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It looks like one of the panels in the awning is loose. They should fix it before it kills someone. Modern architecture looks best from a distance. If you look too closely, it is usually shoddy.K
I think that those two poles are not sustaining the roof but holding it back from taking to the air. I strong wind will lift the whole roof. Anyway, it may be frightening to work under it in a storm.
I wasn't referring to the poles, which do BTW look terrible, but to the 2nd row of panels at the right side (zoom in) - you can see that the panel has become loose from its mounting and is hanging down a few inches. Ultimately it is in danger of falling and decapitating someone about to enter the building - once the wind gets under it, it can peel it away from the rest of the building. K
You are very observant. The panel is loose and surely it is a safety risk. One inherent feature of modern architecture is its unmaintainability, modern buildings are practically impossible to reach and maintain. It is possible that the panels are screwed in and they need a few turns every so years, but how the maintenance man is supposed to reach those screws? Most architects care about the visual impact alone.
I have been in this airport several times, actually, it is quite nice inside. They have an intelligent system of meeting and guiding VIP's through the system very efficiently, both arriving and departing. Anon.
Do they send you a car to the plane? In my opinion Ben Gurion Airport is a mess.
Yes, always. Once, it was just me and the Chief Rabbi of Turkey in the car. He said to me, "You must be very close to G-d".I said, thank you, but I didn't think so. Anon.
You know, the Chief Rabbi is an official position of the Turkish State, and he deals with the secular and not the spiritual aspects of the community. He may have been referring to your closeness to his boss Recep Tayyip Erdoğan.
Naah, this was years ago when Turkey was a secular state and Erdogan unheard of, except perhaps by his mother. As it turns out, I am only very superficially acquainted with Turkey, only realizing after my visit to Izmir, for example, that it was the re-incarnated version of Smyrna and discovering the reality from a Greek friend who, shall we say, completed my education.Anon.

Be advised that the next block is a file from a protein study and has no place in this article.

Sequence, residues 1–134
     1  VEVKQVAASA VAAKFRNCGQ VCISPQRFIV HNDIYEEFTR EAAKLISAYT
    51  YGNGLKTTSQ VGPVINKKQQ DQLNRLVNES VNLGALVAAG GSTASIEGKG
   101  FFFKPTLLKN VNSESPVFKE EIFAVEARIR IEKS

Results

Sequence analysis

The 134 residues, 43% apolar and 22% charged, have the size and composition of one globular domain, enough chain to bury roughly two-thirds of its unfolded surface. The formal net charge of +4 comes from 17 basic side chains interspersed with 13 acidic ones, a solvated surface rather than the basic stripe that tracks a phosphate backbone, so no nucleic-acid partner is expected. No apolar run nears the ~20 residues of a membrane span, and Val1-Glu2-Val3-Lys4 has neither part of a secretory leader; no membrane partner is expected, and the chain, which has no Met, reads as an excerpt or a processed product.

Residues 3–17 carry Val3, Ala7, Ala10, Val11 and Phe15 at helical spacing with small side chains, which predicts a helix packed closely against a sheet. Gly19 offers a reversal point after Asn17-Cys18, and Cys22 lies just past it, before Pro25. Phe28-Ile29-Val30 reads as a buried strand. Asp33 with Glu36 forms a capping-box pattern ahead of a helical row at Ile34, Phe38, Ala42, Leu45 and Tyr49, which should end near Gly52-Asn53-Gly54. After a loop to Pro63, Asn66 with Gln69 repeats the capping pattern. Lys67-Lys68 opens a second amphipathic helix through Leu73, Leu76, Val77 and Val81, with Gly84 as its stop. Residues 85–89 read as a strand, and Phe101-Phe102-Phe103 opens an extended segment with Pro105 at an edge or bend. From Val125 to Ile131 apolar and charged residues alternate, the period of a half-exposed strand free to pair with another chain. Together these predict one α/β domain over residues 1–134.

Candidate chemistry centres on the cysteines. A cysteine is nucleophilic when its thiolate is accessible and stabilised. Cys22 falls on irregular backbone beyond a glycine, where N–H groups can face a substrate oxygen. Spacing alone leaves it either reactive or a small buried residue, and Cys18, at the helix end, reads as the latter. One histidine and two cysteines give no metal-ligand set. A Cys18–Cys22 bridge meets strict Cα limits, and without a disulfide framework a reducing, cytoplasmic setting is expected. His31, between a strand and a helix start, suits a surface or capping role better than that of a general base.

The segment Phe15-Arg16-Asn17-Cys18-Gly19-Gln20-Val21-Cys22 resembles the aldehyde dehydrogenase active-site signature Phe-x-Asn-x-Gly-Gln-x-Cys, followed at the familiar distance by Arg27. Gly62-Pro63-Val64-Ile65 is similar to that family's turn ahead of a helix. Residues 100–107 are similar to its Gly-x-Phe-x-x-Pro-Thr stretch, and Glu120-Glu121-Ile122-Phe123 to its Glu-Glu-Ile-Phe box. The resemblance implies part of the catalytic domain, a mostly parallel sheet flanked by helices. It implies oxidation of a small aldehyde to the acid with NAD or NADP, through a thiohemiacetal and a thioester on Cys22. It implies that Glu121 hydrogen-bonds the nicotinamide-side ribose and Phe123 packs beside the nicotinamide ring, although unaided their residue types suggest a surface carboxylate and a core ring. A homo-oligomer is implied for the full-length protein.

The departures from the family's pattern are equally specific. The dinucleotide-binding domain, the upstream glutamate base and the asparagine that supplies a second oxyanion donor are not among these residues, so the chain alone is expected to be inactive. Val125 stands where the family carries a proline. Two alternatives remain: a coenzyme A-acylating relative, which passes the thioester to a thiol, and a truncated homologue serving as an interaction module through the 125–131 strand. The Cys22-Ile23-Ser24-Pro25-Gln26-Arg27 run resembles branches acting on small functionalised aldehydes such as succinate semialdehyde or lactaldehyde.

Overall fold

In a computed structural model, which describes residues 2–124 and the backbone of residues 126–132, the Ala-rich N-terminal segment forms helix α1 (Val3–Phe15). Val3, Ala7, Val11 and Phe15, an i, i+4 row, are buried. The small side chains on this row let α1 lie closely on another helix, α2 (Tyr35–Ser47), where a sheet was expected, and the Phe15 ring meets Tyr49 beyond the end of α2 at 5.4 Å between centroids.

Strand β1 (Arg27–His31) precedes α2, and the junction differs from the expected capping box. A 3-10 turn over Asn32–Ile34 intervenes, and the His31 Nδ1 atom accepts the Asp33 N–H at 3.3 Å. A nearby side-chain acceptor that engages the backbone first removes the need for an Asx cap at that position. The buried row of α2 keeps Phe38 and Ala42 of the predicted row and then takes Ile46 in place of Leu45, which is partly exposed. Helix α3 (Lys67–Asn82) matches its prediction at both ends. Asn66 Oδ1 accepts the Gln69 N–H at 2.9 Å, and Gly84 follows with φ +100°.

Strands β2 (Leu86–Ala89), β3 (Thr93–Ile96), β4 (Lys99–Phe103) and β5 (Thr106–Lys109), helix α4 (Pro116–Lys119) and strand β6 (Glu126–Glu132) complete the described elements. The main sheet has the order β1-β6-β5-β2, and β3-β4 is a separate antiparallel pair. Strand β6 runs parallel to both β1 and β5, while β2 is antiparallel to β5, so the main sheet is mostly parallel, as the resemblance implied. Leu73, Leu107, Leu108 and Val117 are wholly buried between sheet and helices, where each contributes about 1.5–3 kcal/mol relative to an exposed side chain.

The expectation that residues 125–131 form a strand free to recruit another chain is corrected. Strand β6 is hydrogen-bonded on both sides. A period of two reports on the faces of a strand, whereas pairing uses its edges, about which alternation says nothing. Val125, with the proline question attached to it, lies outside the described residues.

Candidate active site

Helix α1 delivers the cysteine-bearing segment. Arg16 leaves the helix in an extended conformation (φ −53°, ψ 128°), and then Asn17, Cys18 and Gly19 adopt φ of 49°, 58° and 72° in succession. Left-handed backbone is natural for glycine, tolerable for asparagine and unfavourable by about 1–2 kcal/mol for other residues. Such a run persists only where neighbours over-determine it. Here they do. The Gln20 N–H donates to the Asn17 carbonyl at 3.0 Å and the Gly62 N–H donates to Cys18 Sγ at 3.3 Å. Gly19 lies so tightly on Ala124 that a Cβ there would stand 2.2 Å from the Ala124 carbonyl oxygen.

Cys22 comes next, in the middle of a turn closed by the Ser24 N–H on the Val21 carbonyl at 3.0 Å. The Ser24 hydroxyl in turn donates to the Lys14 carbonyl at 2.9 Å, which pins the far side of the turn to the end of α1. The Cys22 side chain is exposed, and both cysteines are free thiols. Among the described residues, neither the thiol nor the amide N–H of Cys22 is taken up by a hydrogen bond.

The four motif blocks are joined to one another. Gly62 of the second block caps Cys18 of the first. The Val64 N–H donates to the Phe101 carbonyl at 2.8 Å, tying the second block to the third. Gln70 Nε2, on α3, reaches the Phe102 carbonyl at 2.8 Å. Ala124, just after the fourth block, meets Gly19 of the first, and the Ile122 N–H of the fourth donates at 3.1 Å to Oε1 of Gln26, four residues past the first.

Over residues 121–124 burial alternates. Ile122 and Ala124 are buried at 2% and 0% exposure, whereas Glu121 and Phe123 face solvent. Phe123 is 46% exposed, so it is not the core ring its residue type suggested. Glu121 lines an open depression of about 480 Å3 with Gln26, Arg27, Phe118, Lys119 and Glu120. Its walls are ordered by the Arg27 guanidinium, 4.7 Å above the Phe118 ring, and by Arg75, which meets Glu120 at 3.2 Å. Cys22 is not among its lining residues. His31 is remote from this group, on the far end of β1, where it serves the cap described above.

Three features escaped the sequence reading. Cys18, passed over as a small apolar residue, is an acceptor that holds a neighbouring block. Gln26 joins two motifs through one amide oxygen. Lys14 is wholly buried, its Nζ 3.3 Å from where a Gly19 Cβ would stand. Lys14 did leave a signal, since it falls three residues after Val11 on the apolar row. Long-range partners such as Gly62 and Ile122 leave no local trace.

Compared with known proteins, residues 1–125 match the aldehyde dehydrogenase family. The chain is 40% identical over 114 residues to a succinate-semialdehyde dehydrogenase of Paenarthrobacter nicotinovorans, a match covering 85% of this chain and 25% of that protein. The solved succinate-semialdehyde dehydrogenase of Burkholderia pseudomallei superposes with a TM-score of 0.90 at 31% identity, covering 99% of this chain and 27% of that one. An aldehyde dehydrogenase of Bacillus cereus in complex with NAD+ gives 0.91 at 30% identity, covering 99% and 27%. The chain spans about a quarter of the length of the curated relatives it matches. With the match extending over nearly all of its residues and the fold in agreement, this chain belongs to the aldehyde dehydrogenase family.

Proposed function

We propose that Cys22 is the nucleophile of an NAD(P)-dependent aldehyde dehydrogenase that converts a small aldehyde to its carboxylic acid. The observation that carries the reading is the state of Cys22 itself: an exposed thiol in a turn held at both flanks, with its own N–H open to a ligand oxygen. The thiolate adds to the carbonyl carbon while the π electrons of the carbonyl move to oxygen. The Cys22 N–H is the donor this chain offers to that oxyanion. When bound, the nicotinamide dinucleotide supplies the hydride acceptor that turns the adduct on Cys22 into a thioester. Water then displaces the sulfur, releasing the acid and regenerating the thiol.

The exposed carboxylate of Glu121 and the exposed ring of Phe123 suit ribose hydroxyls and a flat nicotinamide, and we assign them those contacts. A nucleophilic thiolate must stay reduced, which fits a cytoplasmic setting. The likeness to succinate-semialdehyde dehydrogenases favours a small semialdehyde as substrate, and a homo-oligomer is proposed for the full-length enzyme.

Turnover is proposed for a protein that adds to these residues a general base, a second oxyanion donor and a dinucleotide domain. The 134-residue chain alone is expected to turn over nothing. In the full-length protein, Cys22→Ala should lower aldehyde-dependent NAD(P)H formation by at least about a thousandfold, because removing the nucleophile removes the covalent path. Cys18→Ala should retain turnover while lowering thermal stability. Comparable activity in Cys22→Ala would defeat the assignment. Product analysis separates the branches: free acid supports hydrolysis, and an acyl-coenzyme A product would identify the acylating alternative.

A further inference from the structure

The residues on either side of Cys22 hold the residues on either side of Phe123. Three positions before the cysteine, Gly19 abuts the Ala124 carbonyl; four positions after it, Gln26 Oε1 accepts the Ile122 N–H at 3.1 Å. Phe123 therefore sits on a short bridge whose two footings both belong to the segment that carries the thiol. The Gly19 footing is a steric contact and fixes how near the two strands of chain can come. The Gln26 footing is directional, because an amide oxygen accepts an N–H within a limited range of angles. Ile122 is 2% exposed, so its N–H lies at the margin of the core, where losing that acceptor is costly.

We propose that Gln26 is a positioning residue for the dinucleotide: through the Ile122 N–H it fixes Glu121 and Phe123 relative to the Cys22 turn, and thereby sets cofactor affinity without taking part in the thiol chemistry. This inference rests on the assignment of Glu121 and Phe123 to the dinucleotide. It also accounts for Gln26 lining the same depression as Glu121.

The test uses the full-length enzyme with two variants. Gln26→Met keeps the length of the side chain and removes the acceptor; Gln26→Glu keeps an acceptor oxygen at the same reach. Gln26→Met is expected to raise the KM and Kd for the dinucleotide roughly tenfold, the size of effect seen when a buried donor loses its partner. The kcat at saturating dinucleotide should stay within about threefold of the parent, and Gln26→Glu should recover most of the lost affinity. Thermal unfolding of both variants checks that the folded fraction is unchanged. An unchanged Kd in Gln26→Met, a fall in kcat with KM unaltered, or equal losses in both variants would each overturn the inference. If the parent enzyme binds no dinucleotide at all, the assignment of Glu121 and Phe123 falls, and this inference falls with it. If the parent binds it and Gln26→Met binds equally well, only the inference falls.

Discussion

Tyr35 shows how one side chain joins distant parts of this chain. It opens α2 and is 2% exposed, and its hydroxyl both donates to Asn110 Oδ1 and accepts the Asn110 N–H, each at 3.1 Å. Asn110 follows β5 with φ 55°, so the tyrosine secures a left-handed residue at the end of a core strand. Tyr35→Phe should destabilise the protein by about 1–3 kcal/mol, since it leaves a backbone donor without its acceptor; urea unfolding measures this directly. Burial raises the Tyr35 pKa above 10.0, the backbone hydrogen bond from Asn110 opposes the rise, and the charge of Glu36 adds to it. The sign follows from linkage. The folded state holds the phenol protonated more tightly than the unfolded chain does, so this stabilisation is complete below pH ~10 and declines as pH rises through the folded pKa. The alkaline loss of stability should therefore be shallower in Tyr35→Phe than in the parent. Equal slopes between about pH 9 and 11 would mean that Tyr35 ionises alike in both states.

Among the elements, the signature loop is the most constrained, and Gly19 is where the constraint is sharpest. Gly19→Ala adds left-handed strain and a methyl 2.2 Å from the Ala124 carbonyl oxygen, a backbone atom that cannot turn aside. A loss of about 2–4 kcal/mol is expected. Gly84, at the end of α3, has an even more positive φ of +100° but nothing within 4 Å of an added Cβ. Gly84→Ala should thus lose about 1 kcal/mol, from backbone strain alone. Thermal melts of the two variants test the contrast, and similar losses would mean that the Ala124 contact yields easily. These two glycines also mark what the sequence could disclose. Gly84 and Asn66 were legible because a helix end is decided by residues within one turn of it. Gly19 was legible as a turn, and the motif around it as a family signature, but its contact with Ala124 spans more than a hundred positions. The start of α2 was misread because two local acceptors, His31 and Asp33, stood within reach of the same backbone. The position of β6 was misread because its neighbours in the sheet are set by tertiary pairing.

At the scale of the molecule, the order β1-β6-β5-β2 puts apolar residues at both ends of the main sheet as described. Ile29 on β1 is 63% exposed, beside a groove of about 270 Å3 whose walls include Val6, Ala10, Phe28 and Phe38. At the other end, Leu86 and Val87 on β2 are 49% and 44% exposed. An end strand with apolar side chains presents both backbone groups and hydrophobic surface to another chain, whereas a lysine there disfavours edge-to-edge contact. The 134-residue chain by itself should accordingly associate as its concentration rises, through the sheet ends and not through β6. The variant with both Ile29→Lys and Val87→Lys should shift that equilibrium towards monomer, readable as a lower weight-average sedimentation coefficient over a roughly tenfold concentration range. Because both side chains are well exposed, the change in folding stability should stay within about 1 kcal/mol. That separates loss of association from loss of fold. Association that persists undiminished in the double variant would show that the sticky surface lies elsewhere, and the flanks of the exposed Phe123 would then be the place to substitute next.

The 20th century was perhaps the cruelest in all of recorded history. In addition to the Holocaust of the Jews, and the depredations of Stalin, Mao and Pol Pot, the dropping of the atom bombs, you had "exchange of population between Turkey and Greece, India and Pakistan, from the eastern provinces of Germany, between Palestine and the Arab lands, etc. "Exchange of population" sounds harmless, like "exchange student", but it is a heart wrenching process, involving not only much spilling of blood but the uprooting of historic communities that have resided in a place for centuries, sometimes millenia. Note that I include Palestine on the list but keep in mind that in most of these other places, the populace has long moved past the uprooting - there are no refugee camps in Greece for the Greeks of Smyrna - they have long ago melded into the general population. There is no longer any thought of getting Smyrna "back" - they have moved on.Only the Palestinians continue to pursue their lost territory.K
Well, there are paid for being refugees by the UNWRA. Would YOU resign voluntarily to that hereditary privilege?
Yes, and it it possible to go "back home" to a place you have never been? I might (with some hesitancy - I still haven't done it) visit my ancestral shtetls, but only as a tourist, not with thoughts of going back. Not for all the money in the UN.K
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